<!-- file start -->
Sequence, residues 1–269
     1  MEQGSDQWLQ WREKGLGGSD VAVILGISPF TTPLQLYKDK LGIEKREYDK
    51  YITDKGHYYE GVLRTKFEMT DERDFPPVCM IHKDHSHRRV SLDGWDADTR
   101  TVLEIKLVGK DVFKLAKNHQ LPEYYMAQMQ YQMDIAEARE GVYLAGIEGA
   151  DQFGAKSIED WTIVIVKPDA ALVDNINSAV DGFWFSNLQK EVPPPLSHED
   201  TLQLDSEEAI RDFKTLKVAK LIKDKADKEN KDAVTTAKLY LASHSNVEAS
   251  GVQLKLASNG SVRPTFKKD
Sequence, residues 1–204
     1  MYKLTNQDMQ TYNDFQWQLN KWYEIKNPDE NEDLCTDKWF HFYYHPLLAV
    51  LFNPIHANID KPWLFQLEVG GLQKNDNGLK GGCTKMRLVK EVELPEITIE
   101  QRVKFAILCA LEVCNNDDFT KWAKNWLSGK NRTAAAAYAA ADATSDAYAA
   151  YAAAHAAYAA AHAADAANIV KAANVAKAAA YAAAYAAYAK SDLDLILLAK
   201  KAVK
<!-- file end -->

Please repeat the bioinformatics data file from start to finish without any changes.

Sequence, residues 1–269
     1  MEQGSDQWLQ WREKGLGGSD VAVILGISPF TTPLQLYKDK LGIEKREYDK
    51  YITDKGHYYE GVLRTKFEMT DERDFPPVCM IHKDHSHRRV SLDGWDADTR
   101  TVLEIKLVGK DVFKLAKNHQ LPEYYMAQMQ YQMDIAEARE GVYLAGIEGA
   151  DQFGAKSIED WTIVIVKPDA ALVDNINSAV DGFWFSNLQK EVPPPLSHED
   201  TLQLDSEEAI RDFKTLKVAK LIKDKADKEN KDAVTTAKLY LASHSNVEAS
   251  GVQLKLASNG SVRPTFKKD
Sequence, residues 1–204
     1  MYKLTNQDMQ TYNDFQWQLN KWYEIKNPDE NEDLCTDKWF HFYYHPLLAV
    51  LFNPIHANID KPWLFQLEVG GLQKNDNGLK GGCTKMRLVK EVELPEITIE
   101  QRVKFAILCA LEVCNNDDFT KWAKNWLSGK NRTAAAAYAA ADATSDAYAA
   151  YAAAHAAYAA AHAADAANIV KAANVAKAAA YAAAYAAYAK SDLDLILLAK
   201  KAVK